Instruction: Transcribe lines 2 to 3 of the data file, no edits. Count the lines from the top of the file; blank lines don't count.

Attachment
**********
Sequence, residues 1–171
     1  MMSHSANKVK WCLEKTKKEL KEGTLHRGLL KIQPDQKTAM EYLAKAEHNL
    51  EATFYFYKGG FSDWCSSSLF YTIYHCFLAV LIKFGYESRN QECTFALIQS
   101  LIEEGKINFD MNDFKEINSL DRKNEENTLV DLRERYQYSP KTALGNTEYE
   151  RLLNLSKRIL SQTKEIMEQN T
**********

     1  MMSHSANKVK WCLEKTKKEL KEGTLHRGLL KIQPDQKTAM EYLAKAEHNL
    51  EATFYFYKGG FSDWCSSSLF YTIYHCFLAV LIKFGYESRN QECTFALIQS